Let’s talk mouthwash! I know it’s always so confusing when you’re standing in the oral health care aisle at a store and you look at the myriad of bottles of colorful mouthwash, wondering which one is right for you. Let me break it down so you can get a better understanding of what is available OTC.
Manufacturers divide OTC mouthwashes into three main categories:
Fluoride mouthwashes, which are usually purple in color, are also known as “anti-cavity” because they usually contain 0.02% sodium fluoride. Yes, fluoride is good for your teeth and prevent cavities if you are cavity prone. However, in order to get this super low concentration of sodium fluoride into your teeth, the mouthwashes are super acidic, meaning they have a low pH. Over the long term, this can damage your enamel on your teeth. In fact, one of the ingredients they use is phosphoric acid, which is what we use to etch the teeth when we do bonding on teeth. So you can imagine how strong of an acid that is!
However,the fluoride treatment that you get at a dental office usually has 10 times higher concentration of fluoride, and it usually has a neutral pH. This way right after your dental hygiene maintenance, when there is no plaque or tartar present, the fluoride has it’s best chance of permeating your enamel and strengthening your teeth, and even your gums. If I had to recommend an OTC fluoride mouthwash, it’d be the ACT mouthwash. Why? Because it has a neutral pH and has 0.05% sodium fluoride in it, almost three times that of the rest of them. Also, it has a unidose measuring system at the top of the bottle, so you can never use too much and get an overdose of the mouthwash or fluoride in it. So if you like Berry Blue, Bubblegum or Fruit Punch flavor, then go for it!
The next category is antiseptic mouthwashes. These are the most commonly used, and typically you’ll feel a burning sensation when rinsing with these due to the high level of alcohol. The alcohol is in fact antiseptic, but it indiscriminately kills all bacteria in our mouth, leaving it unbalanced and therefore more susceptible to a yeast or fungal infection. Also studies have definitively shown that alcohol is a huge risk factor for oral cancer. So these mouthwashes usually have 25-27% alcohol content. This is 2-3 times what we find in a glass of wine or beer. And when you drink a glass of wine or beer, you’re simply sipping it and swallowing it. Whereas with an antiseptic mouthwash, your swishing it for 30 seconds straight, twice a day, pushing it into your oral mucosa of your cheeks and gums. Over time it’s going to cause cell mutations and then lead to oral cancer. Alcohol also has a drying effect, and a dry mouth is more prone to cavities, so be aware!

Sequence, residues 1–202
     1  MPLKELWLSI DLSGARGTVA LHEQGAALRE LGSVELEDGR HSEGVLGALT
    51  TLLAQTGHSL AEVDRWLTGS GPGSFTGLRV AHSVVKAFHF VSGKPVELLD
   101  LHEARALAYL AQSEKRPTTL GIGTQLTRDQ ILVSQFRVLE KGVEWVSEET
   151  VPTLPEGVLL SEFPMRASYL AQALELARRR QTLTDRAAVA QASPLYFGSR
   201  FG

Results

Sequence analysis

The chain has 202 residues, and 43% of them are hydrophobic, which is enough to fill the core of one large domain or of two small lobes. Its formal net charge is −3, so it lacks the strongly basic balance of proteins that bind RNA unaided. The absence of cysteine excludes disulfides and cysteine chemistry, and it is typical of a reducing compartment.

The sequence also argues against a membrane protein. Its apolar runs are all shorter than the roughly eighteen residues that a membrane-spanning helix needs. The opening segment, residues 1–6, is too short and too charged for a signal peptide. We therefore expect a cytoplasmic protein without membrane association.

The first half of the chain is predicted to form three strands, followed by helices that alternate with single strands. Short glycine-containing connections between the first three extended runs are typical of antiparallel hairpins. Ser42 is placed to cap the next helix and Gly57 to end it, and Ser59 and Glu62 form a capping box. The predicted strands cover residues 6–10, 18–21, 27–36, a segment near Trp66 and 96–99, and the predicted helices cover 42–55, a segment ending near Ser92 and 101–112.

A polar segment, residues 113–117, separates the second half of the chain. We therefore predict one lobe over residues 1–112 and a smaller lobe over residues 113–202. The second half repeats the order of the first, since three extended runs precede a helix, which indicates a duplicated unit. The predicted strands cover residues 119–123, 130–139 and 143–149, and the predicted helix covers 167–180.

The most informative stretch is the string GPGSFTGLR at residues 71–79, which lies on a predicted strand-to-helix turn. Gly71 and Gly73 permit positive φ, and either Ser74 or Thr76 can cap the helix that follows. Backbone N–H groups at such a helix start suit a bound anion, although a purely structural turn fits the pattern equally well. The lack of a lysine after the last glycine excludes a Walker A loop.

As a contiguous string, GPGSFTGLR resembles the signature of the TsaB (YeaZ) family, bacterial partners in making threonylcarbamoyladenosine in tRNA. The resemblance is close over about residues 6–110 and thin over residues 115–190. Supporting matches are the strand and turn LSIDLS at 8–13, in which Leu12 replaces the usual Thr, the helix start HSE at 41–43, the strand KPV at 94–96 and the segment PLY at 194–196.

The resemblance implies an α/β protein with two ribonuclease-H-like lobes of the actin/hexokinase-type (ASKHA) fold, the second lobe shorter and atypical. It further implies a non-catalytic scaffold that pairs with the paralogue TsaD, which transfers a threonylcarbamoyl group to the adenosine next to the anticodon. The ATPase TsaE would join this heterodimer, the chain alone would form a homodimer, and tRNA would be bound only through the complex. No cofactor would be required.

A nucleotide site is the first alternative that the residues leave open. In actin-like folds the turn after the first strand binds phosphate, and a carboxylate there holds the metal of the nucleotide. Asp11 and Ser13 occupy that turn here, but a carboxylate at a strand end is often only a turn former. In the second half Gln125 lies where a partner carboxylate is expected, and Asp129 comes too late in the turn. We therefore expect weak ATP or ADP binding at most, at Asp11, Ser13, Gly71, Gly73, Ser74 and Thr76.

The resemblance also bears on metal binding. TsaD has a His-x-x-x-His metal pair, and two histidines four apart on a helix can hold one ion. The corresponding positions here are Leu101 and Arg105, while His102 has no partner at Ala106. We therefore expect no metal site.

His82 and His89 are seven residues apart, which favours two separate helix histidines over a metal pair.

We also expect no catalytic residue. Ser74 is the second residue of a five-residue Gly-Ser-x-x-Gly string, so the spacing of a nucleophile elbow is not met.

Also, another popular ingredient in antiseptic mouthwashes is Cetylpyridinium Chloride, aka CPC. This has antiseptic properties, but will stain your teeth brown. And the Eucolyptol and Thymol commonly found in antiseptic mouthwash will stain your teeth yellow. Now, these stains can be removed with a professional dental cleaning, but do you really want to be walking around with severely stained teeth from a mouthwash?
Which OTC antiseptic mouthwash would I recommend? Only one that is alcohol free for sure, but overall I don’t recommend them to my patients. If they want some fresh breath and that’s about it, then I tell them to dilute it with water, this way they get the freshening effect without the harmful side effect of the alcohol contained within. In fact this is what we do in the office to give a better flavor to the water our patients rinse with while in the dental chair.
The final category of OTC mouthwashes is whitening. These generally have hydrogen peroxide as a whitening agent. Usually you’ll see the bottles are opaque, not translucent, so that that hydrogen peroxide doesn’t disintegrate. The level of hydrogen peroxide is minimal, but it can still be damaging to your gums. Over the years, I’ve seen so many patients who’s cheeks were peeling away on the inside of their mouths due to using a whitening mouthwash. As soon as they discontinued use of the whitening mouthwash, the pain and discomfort and peeling stopped. I do not recommend anyone use a whitening mouthwash, even if it says “Pre-brushing whitening rinse” on the bottle. These only cause sensitivity and are not as effective as you might think, especially if you have plaque and/or tartar buildup on your teeth. And for patients for have any recession, the sensitivity can be especially high. If you really want whiter teeth, then be sure to floss and brush them!
So I hoped this helped open your eyes to what’s available when it comes to OTC mouthwash. I’ve also got a Mouthwash Review video on my YouTube channel, so be sure to check it out.
Next time, I’ll discuss Natural Mouthwashes and what I recommend when it comes to that category.